Concept Technology
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Don’t let basic IT mistakes ruin your business

Published on Nov 14, 2012 at 5:50 pm in Tips & Tricks.

This post also appeared in The Tennessean, where Concept Technology has a bi-weekly feature in the Business section.

There are dozens of IT mistakes that business owners commonly make. Not purposely of course, but whether it’s insufficient security, investing in the wrong hardware or neglecting your software, it can be easy to let your organization’s information technology slip. Here are three common IT mistakes that you’re bound to come across. (We’ll cover additional mishaps in future columns.)

1. Setting insufficient security protocols

You’ve got encryption, antivirus, antispyware, a firewall and passwords set up, and you feel like your business network is secure. And it might be. On the other hand, it might not. Here’s where your security measures may be falling short:

Antivirus: Make sure you’re using business-grade (not consumer-grade) antivirus, which benefits from being installed and updated from a central control center on a company server. This gives you one place to check to see if all antivirus within your network is up to date, ran last night, etc.

Your software also should be easy to manage, scalable and offer adequate technical support. Since antivirus subscriptions renew annually, corporate software has the added benefit of renewing all at one time.

Firewall: Your business also needs an intelligent internet firewall with current licensing from a security vendor such as SonicWALL, WatchGuard or Cisco. Too many business owners depend on their router (Linksys, D-Link, NETGEAR, etc.) to secure their network. While your router contains firewall components, it isn’t enough to protect your computers.

Passwords: Password policies are tricky.

They should be stringent enough so passwords can’t be easily guessed or subject to dictionary attacks — an attempt to beat security by simply trying common words, log-in names or passwords until one works.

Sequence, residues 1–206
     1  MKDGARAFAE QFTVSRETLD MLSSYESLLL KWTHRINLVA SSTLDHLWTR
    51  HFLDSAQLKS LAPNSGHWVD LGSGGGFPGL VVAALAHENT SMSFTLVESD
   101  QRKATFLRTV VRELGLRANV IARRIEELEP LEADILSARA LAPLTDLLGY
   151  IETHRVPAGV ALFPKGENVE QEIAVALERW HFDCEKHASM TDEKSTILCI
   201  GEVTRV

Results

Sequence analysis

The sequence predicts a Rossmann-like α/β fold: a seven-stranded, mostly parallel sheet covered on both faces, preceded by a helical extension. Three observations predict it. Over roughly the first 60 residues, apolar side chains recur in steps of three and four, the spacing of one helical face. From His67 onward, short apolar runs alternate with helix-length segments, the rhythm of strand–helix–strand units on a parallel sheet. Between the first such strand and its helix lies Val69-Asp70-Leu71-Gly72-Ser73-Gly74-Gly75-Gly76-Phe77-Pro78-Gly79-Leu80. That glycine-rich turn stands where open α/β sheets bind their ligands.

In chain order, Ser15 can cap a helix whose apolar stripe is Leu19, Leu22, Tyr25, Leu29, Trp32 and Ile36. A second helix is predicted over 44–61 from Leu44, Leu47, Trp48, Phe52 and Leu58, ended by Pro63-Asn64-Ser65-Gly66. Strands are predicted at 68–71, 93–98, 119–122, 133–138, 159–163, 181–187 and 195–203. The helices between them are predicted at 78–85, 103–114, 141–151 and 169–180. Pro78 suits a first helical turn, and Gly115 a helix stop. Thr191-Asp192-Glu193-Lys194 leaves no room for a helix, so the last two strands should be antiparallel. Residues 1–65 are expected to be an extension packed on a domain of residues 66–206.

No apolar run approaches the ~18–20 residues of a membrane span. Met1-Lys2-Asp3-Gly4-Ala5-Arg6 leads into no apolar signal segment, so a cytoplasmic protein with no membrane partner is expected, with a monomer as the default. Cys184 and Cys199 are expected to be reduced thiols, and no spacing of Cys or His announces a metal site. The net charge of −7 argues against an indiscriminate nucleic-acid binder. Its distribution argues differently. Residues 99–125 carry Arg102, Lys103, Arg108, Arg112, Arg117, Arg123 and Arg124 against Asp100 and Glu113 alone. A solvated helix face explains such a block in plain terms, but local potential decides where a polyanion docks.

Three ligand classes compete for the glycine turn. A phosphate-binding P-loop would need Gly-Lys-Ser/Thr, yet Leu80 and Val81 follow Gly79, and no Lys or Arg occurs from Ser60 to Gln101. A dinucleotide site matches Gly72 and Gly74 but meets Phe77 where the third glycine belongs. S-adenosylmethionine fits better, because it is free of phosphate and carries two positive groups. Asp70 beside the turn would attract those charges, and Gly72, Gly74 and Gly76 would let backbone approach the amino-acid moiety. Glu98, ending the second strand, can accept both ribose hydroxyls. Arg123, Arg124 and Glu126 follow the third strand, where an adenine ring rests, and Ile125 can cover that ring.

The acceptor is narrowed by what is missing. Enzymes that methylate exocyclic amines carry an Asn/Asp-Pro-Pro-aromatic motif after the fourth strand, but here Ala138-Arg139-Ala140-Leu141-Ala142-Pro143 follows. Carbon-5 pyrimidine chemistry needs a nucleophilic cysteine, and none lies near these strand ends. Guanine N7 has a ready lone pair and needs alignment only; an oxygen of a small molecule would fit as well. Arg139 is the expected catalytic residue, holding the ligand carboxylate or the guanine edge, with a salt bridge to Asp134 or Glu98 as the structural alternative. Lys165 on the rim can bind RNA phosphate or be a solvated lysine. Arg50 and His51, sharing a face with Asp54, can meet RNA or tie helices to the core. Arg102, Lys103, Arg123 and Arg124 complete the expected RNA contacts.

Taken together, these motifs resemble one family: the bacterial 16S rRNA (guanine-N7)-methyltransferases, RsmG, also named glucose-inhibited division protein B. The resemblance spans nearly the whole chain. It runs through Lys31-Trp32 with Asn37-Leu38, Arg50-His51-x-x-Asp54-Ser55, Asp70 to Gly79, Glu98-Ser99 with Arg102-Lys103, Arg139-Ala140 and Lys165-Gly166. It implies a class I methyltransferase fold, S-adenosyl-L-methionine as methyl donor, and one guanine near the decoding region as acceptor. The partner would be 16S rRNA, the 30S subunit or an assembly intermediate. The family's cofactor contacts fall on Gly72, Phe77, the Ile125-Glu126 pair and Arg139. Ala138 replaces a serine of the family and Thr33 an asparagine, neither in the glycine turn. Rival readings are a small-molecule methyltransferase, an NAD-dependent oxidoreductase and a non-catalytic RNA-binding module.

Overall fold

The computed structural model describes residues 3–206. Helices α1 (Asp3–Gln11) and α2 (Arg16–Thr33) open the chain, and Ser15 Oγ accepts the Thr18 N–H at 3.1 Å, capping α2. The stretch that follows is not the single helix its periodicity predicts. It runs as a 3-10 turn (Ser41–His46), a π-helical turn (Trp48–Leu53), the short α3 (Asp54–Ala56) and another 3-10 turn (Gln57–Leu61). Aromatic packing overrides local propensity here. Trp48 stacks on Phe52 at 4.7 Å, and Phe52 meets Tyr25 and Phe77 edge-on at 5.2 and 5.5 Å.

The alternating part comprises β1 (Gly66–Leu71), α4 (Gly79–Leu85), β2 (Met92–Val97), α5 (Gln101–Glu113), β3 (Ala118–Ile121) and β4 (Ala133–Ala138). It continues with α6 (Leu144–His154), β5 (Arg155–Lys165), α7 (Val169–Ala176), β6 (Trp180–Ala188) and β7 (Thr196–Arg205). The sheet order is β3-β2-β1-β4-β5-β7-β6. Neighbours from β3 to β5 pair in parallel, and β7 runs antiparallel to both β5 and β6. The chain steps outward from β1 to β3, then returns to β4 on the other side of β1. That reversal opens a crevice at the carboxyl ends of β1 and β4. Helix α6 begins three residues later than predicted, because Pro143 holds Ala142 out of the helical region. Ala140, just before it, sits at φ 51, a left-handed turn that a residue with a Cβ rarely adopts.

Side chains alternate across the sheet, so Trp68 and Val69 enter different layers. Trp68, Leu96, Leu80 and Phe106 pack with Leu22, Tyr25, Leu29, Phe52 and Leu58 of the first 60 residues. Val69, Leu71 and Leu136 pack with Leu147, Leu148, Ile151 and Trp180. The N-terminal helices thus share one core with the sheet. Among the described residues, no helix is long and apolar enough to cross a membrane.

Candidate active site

But they shouldn’t be so overly complicated that your workers create workarounds to remember their passwords (i.e. password on a Post-it note), which end up drastically reducing security. A policy that requires a minimum of 12 characters and/or forces users to change their passwords every 30 days is probably too much.

Help your employees out by introducing them to LastPass, an online password manager for browser-based applications and websites that can help you remember passwords and secure your data. LastPass can be used for any cloud-based SaaS (software as a service) applications such as Salesforce, FreshBooks and Basecamp, as well as personal passwords for banking and e-commerce sites.

Since LastPass remembers your passwords, you should use complex passwords — mix of uppercase, lowercase, numbers and symbols — and, more importantly, you should set up unique passwords for every site.

2. Buying consumer-grade computers

There’s a reason why consumer-grade computers are cheaper that commercial-grade ones: They’re made with cheaper components.

Since home users often buy the next generation computer within two to three years of original purchase, consumer products are designed to hit a price point, not to run reliably for years.

Manufacturers also can change components within consumer-grade equipment, so if you’re setting up workstations in an office, they may appear to be identical, but they actually might not be, which can be problematic in the long run.

While it will cost roughly 25 percent more to buy commercial-grade computers, it’s more than worth the premium.

3. Migrating your software

It’s important to migrate your software from one version to the next.

If your business has Microsoft Small Business Server 2008, it’s easy to buy the migration pack and upgrade to Microsoft Small Business Server 2011. It is often vastly more complicated to migrate noncongruent versions, from Microsoft Small Business Server 2003 to Microsoft Small Business Server 2011, for example.

If you want to update from Microsoft Small Business Server 2000 to Microsoft Small Business Server 2011, you basically have to rebuild from scratch because your old 2000 software has been discontinued and is no longer supported.

As a general rule, it’s not desired, but if necessary, you can skip one migration. But you can’t skip two.